Payments are made via PayPal. Gigbucks collects a 20% fee on all the transactions done through their system.

The Review & Levels System

Gigbucks has a user review system that can help you separate reputable sellers from the chaff. When a buyer purchases a gig, they have the opportunity to review the seller. The number of positive to negative reviews is expressed as a percentage.

In addition to a review system, Gigbucks also has a levels system. All users start at Level 1. In order to move to level 2, you have to sell 10 gigs at $5 and complete the gigs on time. You also have to maintain a 90% or higher rating.

At level 2, you can sell gigs for between $5 and $30. Once you’ve finished 25 gigs in total, again keeping up a 90% rating and doing all your gigs on time, you then get to level 3.

Once you’re at level 3, you can charge anywhere between $5 and $50 for your gigs. You also gain access to recurring gigs.

Here’s how to use Gigbucks to make money online.

Step 1: Become a Member

Go to:

Click “Join” along the top navigation bar.


Fill out the extremely simple membership form:


You’ll receive an email upon completing your registration. Confirm your email.

Step 2: Start Selling

Click “Start Selling” in the top navigation bar.


Then click “Create a New Gig” on the next screen.


Step 3: Write Your Title

Write a title that’s both descriptive and attention catching. Take a look at what some of your competitors are saying and see if you can write something even better.


Step 4: Pricing

Click the drop down menu to set your pricing. Keep in mind that you’re restricted to only $5 gigs until you’ve done 10 gigs and gotten your account to Level 2.


Step 5: Select a Category

Choose which category you want your gig to appear under. Choose your category carefully, as your target market will often be browsing gigs by category.

If you’re unsure which category to put your gigs in, spend some time browsing around Gigbucks to see where other people offering similar services put their gigs.


Step 6: Description

Describe your service. Make it as detailed as possible. Try to pre-empt questions and objections that people might have about your service.


Again, when in doubt, take a look at what your competitors are saying. Then try to make it better.

Step 7: Instructions

What directions do you need from your buyers to fulfill on your order? These instructions will be sent to buyers after they’ve placed their order.


Step 8: Tags

Tags are like keywords. Tell Gigbucks what your tags are, so that when people search for a service like yours, yours will show up.


Step 9: Steps to Completion

How long is it going to take to finish the gig? Be conservative when estimating this time period. Remember: If you’re late in delivering, it could prevent you from moving up to the next level. Customers can cancel and it can result in a bad rating.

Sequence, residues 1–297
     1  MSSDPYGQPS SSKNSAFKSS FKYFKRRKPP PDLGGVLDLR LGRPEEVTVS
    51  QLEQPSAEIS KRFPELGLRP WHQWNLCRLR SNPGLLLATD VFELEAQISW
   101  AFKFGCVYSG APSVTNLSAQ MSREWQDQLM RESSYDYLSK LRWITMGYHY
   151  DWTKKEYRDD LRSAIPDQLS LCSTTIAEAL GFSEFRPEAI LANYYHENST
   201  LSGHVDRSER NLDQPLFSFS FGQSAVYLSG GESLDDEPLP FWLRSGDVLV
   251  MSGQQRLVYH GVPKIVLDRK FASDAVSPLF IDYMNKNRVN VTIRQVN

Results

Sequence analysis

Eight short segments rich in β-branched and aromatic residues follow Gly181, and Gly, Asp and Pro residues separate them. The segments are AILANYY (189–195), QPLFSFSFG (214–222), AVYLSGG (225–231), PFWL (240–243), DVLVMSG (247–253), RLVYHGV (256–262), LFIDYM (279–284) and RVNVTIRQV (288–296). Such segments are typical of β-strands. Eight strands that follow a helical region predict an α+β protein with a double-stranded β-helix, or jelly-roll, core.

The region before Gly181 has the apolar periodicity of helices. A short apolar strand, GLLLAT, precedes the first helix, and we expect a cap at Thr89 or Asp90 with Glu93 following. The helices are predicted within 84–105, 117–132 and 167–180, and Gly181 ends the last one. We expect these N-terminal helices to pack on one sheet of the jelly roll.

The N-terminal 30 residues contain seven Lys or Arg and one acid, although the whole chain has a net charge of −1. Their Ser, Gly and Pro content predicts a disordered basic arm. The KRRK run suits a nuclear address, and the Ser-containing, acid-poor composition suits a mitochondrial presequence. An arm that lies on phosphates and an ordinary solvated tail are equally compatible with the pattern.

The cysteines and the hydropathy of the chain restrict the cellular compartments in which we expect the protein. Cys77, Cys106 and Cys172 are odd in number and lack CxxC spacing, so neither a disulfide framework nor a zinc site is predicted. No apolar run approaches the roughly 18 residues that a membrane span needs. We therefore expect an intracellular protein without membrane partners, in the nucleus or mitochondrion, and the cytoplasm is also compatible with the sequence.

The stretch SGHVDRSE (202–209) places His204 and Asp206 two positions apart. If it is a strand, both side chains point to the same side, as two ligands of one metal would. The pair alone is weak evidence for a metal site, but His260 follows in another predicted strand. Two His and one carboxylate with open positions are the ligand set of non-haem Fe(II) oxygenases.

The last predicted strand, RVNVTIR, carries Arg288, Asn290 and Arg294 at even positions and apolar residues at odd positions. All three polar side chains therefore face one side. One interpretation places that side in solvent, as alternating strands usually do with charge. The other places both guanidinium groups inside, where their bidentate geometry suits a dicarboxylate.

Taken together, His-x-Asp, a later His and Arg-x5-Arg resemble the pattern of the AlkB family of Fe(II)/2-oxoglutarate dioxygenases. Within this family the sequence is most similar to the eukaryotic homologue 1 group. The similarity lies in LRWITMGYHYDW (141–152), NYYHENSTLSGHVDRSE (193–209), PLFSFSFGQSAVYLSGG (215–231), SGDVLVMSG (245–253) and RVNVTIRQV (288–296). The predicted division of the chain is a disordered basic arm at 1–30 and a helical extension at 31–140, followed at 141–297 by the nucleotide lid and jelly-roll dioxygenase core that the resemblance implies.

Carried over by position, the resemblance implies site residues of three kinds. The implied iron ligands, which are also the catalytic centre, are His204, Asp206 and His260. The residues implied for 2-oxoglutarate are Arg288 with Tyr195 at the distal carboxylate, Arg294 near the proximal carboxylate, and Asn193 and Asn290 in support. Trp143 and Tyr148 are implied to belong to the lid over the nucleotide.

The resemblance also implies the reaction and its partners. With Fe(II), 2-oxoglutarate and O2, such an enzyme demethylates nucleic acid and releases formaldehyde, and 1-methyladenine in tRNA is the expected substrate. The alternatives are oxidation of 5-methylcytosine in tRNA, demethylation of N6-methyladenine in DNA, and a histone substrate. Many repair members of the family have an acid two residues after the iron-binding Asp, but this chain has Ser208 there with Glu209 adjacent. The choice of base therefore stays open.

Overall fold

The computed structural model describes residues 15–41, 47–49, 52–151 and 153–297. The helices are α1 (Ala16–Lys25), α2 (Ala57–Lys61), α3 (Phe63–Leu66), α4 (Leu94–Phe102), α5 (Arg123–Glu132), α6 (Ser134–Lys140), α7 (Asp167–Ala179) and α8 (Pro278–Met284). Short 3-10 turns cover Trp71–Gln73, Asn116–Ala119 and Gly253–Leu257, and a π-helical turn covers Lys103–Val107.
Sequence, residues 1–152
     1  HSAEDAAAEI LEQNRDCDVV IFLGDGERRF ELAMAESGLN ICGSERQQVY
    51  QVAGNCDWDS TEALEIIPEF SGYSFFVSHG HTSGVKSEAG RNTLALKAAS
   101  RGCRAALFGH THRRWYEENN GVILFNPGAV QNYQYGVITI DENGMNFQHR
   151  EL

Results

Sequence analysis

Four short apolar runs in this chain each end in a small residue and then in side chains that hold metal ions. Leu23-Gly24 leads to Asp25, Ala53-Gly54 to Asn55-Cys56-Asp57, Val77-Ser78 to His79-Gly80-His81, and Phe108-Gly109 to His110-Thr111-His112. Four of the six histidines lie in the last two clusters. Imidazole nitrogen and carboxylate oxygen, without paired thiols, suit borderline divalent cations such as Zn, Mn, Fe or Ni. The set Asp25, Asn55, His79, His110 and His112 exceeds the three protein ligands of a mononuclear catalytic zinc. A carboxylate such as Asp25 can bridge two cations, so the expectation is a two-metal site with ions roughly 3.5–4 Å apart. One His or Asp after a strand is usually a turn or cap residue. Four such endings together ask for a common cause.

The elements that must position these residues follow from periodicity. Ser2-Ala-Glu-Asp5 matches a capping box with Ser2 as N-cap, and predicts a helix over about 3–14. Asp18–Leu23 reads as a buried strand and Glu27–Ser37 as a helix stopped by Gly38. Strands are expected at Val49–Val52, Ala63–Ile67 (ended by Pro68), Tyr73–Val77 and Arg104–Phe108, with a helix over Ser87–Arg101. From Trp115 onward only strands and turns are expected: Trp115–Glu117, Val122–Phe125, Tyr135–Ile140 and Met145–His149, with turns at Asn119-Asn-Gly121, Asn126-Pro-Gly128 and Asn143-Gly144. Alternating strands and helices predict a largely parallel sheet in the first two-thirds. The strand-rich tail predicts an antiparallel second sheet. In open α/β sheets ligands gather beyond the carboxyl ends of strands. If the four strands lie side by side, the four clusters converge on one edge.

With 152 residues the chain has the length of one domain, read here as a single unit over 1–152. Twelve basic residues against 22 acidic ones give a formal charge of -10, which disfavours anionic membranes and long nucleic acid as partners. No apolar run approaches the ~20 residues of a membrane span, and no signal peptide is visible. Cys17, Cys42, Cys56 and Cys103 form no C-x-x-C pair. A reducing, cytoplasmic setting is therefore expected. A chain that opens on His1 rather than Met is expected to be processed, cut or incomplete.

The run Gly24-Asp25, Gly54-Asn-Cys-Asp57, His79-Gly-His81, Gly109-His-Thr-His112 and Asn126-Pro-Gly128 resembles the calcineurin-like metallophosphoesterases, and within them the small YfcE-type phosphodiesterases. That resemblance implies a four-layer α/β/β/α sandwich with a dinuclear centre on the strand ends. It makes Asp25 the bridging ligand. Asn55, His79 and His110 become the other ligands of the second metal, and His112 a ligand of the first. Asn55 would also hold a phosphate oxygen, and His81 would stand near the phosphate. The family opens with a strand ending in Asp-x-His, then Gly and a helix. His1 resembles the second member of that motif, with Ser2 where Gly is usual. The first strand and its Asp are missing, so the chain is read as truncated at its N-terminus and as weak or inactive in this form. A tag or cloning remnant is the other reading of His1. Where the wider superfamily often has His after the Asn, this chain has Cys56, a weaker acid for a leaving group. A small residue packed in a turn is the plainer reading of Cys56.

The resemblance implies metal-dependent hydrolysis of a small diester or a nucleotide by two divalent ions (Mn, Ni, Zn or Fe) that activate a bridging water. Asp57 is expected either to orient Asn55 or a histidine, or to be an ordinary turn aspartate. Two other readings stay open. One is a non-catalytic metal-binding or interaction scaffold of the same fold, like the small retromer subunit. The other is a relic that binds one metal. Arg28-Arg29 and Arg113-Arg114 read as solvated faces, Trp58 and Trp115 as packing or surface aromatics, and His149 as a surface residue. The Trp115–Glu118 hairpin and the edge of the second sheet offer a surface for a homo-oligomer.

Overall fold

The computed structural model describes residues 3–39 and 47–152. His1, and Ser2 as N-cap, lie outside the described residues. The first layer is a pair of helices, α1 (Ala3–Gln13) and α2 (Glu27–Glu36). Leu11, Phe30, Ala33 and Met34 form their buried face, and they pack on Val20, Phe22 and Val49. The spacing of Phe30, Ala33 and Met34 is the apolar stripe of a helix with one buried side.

Step 10: Add an Image

Add an image that both catches attention and gives people more information about your service. Try to upload a real image rather than synthetic image wherever possible.


Step 11: More Images, Add Video

If you want to add more images or add a video, just click “Add More Images / Add Video.”


A video can really help increase your conversion rate and sales. Adding a video is quite simple. Just create your video, then upload it to YouTube. Then place the link to the YouTube video in your Gigbucks gig.

Step 12: Delivery & Shipping

If your product is a digital delivery product that can be instantly downloaded, place the download link here.

If you’re selling a physical product and need to charge for shipping, you can set that here. Note that if you try to sell a digital product and charge for shipping, your gig will get disabled.


Creative Ideas for Making Money on Gigbucks

Want to make a little bit of extra money on Gigbucks? Here are a few ideas.

  • Become a reseller. Find gigs on Fiverr for $5, then go on Gigbucks and sell those same gigs for $10 or more. You don’t have to do any extra work except passing the orders along.
  • Teach a skill. Good at math? You can offer your math tutoring services on Gigbucks. You can do the same with science, with Photoshop or with just about anything else.
  • Share business experience. If you have job experience in any industry, you can offer to coach someone around that business. For example, if you’ve been a salesperson in the past, you can coach someone on how to sell better.
  • Writing. This is one of the easiest ways to get sales. Just offer to write unique content around certain topics.
  • Graphic Design. You don’t need to learn the ins and outs of all the different aspects of graphic design to do well on Gigbucks. You just need to learn one thing. For example, you can learn just logo design and still do very well.

That’s all there is to signing up for and posting gigs on Gigbucks!

Top 10 Online Marketplaces for Selling Your Services


Selling your services on the internet is one of the best ways to make a consistent income online. Unlike starting a new web business, the income is virtually guaranteed. It’s also consistent, provided you continue to put the work in.